MICHELE NORRIS, host:
We're going to hear now about two other Americans who lost their lives in Mumbai. Fifty-eight-year-old Alan Scherr and his 13-year-old daughter Naomi were shot and killed when gunmen opened fire at the cafe in the Oberoi Hotel. They were visiting India with the Synchronicity Foundation; that's a meditation retreat center in rural Virginia. Twenty-five of the group's members, including their guru, who goes by the name Master Charles, had traveled to Mumbai and it was a spiritual pilgrimage. Four other members were injured in that attack. To find out more about Alan and Naomi Scherr, we called Bobbie Garvey; she's a spokesperson for the Synchronicity Foundation.
Ms. BOBBIE GARVEY (Vice President, Synchronicity Foundation): Alan himself, his wife and his daughter, for the last 13 years have been Synchronicity residents. In other words, they lived here and worked here at the foundation. He also was a college professor at the University of Maryland, you know, prior to coming here. He created and also executed most of our programs and our retreats. He was actually our spokesperson. If he was here today, you'd be speaking to him and not me.
NORRIS: Now, this must be very difficult for you.
Ms. GARVEY: Yes, in many - on many levels.
NORRIS: Mr. Scherr was traveling with his daughter, Naomi. Was that usual, that he would take his children over with him on these spiritual journeys?
Ms. GARVEY: This was the first time that Naomi had actually traveled anywhere that far, you know, outside of Virginia. Naomi was invited to go for a few reasons. Number one, she was very, very interested in her father's, kind of, routes. Alan has traveled many, many times, you know, back and forth to India, giving programs and joining in the festivities over there. She wanted to meet all of the other gurus at the ashrams that he talked about. And probably the most important reason she wanted to go this time was she had just taken her SSATs, scored 95 percent nationally, had finished eighth grade a year early and was applying for a scholarship to attend the Emma Willard School in Troy, New York. And this trip was going to be what she created her essay for that application on.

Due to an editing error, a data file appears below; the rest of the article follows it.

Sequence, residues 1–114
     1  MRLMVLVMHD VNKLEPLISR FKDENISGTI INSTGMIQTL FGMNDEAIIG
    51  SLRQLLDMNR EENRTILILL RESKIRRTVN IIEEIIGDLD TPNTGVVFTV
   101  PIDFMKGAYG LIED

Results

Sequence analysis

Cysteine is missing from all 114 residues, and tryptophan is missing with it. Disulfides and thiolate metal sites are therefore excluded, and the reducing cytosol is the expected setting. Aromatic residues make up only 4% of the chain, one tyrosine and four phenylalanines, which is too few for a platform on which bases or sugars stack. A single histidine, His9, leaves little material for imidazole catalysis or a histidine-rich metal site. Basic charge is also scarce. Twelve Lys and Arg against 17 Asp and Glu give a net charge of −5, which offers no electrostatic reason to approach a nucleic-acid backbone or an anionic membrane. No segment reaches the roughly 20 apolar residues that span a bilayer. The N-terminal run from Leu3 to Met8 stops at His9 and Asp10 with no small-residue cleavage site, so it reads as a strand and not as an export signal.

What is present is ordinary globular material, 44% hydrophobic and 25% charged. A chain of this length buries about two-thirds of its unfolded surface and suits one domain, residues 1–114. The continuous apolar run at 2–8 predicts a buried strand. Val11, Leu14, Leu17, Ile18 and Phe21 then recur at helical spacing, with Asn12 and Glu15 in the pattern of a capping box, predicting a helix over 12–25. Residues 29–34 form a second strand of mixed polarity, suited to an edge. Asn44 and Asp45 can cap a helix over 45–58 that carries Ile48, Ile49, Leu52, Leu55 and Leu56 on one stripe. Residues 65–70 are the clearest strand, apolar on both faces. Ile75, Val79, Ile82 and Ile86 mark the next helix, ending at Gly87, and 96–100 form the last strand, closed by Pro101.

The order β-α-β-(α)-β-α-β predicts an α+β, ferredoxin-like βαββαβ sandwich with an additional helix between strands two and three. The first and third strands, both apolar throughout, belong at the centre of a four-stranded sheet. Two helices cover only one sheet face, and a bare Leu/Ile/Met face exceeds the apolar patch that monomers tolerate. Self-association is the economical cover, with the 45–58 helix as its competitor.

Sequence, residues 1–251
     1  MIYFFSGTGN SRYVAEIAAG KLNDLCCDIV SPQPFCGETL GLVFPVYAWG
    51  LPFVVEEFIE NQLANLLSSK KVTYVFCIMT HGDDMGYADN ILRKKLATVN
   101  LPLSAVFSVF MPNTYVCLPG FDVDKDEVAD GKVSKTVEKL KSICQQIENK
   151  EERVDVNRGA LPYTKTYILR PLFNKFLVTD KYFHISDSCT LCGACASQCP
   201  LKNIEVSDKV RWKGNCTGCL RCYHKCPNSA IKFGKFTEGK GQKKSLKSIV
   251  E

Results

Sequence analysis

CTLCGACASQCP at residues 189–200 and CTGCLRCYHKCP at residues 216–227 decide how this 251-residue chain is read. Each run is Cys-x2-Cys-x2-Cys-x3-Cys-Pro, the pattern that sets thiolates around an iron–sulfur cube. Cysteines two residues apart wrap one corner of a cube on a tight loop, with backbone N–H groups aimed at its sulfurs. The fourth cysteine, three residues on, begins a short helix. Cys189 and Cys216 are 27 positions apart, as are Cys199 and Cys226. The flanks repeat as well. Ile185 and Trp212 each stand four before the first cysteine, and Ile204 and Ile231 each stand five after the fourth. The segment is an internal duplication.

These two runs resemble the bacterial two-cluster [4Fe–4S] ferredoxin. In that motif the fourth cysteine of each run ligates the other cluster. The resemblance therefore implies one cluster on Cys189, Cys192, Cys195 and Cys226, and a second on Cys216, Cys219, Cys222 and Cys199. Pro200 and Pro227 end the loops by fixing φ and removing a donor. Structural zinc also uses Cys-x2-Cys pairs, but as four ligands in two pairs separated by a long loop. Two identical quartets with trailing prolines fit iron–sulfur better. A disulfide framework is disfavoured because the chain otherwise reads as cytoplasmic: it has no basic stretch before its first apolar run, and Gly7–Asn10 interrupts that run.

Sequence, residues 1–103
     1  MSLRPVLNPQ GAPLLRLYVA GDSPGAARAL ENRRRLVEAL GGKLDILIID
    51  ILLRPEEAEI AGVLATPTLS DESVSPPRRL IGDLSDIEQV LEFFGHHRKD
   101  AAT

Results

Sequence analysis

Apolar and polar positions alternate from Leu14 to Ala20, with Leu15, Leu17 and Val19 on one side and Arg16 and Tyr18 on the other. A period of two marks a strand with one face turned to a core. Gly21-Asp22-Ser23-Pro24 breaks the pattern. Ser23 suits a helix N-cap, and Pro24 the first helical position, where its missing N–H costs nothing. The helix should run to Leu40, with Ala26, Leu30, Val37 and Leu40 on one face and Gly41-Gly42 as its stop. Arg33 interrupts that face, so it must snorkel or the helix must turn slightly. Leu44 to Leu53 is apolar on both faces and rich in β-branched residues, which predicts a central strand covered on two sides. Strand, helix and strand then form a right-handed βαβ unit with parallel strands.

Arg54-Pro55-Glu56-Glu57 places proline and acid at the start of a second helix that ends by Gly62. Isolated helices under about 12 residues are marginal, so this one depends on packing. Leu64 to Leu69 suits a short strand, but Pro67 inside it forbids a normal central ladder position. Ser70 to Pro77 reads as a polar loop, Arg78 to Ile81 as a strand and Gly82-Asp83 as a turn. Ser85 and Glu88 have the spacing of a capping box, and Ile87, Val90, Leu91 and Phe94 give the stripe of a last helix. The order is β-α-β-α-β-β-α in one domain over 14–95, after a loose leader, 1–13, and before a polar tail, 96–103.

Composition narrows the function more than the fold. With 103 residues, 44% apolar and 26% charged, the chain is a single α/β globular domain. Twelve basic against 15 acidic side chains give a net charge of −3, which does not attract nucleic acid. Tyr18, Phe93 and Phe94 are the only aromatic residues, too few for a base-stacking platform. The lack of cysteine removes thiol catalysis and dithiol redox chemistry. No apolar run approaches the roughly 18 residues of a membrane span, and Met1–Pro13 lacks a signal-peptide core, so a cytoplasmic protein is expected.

NORRIS: Had Mr. Scherr been in touch with anyone at the Synchronicity Foundation during his travels on this trip?
Ms. GARVEY: Daily. His wife remained here at the sanctuary, so he daily spoke to them on the phone.
NORRIS: If I may ask, what kind of stories did he share?
Ms. GARVEY: Oh, they were having a wonderful, wonderful, brilliant time over there. He had put together two daytrips for the 25 people that went on this pilgrimage to take them to the different spiritual places and the shrines in India. He was having just the time of his life showing his daughter around. They had gotten her nose pierced because she wanted it.
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Ms. GARVEY: So, they were having a great time.
NORRIS: What have you been doing there at the Synchronicity Foundation to try to support from afar your members who are in India?
Ms. GARVEY: First of all, now, we've contacted our senators and our congressmen to assist us in getting them back here. We daily here have meditations in pouring out love to - not only to our people, but to the terrorists, so that they can see that they're doing wrong and stop what they're doing. Master Charles this morning explained to me that the reaction that he has gotten is an outpouring of nothing but love from the world.
NORRIS: Bobbie Garvey is a spokesperson with the Synchronicity Foundation in Virginia. Ms. Garvey, thank you very much for speaking with us.
Ms. GARVEY: You're welcome.
NORRIS: And we were talking about father and daughter, Alan and Naomi Scherr. Both were killed in the attacks in Mumbai.
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NORRIS: In a few minutes, a conversation with my mother about her childhood. That's part of the National Day of Listening. That's coming up from All Things Considered from NPR News.
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